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Can Christian Civil Government Be Theocratic?

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Summary – Can Christian Civil Government Be Theocratic?

A discussion of whether a Reformed Christian view of civil governance is compatible with theocracy. We explain how the term “theocratic” has been used, and two key elements of a theocratic view (namely, the monopoly state and civil establishment of religion) that must be rejected in a genuinely Christian view of civil governance. We also touch on how some who support a theocratic view go wrong in their eschatology. [Direct mp3 download]

Main Points of Discussion

00:00 Introduction
00:32 Episode description
01:27 About the history of the term “theocracy
02:22 All of life, and so all politics, is ultimately guided by central religious commitments
04:45 The objectionable sense of “theocratic” is not entailed by the universality of central religious commitments and their ultimate guidance of all of life
05:28 Two key elements of theocracy are “a monopoly state” and “civil establishment of religion”;
Monopoly explained
07:41 Just and unjust uses of coercion;
The obligation of non-aggression;
The illegitimacy of all states
12:13 A simple analogy
15:12 Establishmentarianism explained
16:46 The unique, symbolic, and temporary (now obsolete) old Mosaic covenant theocracy involved suspension of the common grace order;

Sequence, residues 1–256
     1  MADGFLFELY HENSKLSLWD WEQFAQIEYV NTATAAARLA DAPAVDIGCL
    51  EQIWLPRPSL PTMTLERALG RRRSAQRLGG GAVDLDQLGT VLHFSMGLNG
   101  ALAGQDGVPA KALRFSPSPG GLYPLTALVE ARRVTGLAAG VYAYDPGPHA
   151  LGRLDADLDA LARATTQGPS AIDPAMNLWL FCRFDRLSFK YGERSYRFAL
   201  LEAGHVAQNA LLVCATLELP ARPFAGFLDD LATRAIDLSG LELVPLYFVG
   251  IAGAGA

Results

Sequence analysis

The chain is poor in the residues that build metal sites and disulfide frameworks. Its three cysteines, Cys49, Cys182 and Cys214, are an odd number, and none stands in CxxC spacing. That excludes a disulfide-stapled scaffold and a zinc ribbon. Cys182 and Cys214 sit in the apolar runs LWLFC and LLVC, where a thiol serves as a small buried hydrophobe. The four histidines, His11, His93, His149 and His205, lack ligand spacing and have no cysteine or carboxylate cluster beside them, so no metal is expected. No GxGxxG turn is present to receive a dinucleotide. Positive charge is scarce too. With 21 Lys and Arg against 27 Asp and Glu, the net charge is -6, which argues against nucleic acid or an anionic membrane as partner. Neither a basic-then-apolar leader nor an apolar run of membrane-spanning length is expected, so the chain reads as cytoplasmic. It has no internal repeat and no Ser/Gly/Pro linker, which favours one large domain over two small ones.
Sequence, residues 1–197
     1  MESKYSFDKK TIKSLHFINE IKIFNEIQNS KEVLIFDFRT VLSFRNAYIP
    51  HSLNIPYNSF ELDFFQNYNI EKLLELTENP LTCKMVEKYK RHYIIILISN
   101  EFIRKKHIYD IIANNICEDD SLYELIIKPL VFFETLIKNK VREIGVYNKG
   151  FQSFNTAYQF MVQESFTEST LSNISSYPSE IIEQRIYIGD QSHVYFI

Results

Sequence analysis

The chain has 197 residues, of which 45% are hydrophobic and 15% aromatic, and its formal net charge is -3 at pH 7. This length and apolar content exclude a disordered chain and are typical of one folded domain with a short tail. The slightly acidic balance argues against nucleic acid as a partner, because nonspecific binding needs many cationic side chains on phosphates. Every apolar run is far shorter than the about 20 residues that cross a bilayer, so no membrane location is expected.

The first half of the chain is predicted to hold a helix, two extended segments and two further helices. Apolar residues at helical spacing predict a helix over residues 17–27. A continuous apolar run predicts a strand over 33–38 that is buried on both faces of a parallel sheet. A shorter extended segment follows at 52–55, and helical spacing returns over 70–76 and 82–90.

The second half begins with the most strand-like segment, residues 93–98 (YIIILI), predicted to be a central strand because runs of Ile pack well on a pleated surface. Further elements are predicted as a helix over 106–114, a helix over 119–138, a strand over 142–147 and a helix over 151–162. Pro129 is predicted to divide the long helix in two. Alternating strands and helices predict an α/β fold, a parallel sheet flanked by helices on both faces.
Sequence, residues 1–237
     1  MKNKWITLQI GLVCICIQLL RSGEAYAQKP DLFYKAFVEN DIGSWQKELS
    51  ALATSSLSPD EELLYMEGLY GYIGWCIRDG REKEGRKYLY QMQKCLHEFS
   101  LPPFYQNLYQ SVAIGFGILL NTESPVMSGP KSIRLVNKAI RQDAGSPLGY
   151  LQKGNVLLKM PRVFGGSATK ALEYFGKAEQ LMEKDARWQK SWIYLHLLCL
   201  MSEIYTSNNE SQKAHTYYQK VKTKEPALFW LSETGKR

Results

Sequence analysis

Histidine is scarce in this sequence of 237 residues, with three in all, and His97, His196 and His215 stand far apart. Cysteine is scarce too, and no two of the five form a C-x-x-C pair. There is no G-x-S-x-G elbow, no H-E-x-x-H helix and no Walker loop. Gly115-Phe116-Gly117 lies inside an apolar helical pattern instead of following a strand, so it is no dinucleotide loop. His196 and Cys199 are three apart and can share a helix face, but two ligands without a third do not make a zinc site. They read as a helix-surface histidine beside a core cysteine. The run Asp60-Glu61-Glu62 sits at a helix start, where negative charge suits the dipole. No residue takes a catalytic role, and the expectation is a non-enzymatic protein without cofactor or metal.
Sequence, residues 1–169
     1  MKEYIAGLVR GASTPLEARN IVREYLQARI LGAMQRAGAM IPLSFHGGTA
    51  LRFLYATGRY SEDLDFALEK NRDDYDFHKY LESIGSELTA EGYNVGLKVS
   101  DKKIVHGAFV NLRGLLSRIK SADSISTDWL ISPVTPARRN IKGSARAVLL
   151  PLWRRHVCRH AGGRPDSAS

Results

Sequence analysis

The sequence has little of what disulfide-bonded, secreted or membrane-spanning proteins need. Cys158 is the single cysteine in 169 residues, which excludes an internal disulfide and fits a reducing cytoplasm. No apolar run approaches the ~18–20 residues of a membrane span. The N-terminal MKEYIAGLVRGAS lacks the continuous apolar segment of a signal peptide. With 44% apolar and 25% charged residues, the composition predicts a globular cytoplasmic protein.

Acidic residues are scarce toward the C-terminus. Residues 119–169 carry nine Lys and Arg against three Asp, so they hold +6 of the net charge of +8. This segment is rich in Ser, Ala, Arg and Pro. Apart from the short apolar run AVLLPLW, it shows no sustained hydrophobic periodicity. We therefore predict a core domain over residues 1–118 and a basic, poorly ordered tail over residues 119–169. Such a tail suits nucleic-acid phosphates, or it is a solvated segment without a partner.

It was a temporary symbolic-intrusion of final judgment and the kingdom of God, now inaugurated in the new covenant institutional church, and yet to be consummated in the New Heavens and Earth
19:59 While the old covenant was in effect, it was not a violation of non-aggression
(See Episode 2);
Now, in the new covenant era, the normal operation of the common grace order has resumed;
This entails prohibition of establishmentarianism and monopoly, enacting either is antichrist
22:03 Genuinely limited governance, required by God’s ultimate sovereignty, according to a consistent Christian view, entails non-monopoly and non-establishment
24:17 Recap
25:10 The under-realization of inaugurated eschatology in the new covenant by postmillennialism and so-called optimism that often accompanies a theocratic view

Additional Resources


The Reformed Libertarians Podcast is a project of the Libertarian Christian Institute  and a member of the Christians for Liberty Network

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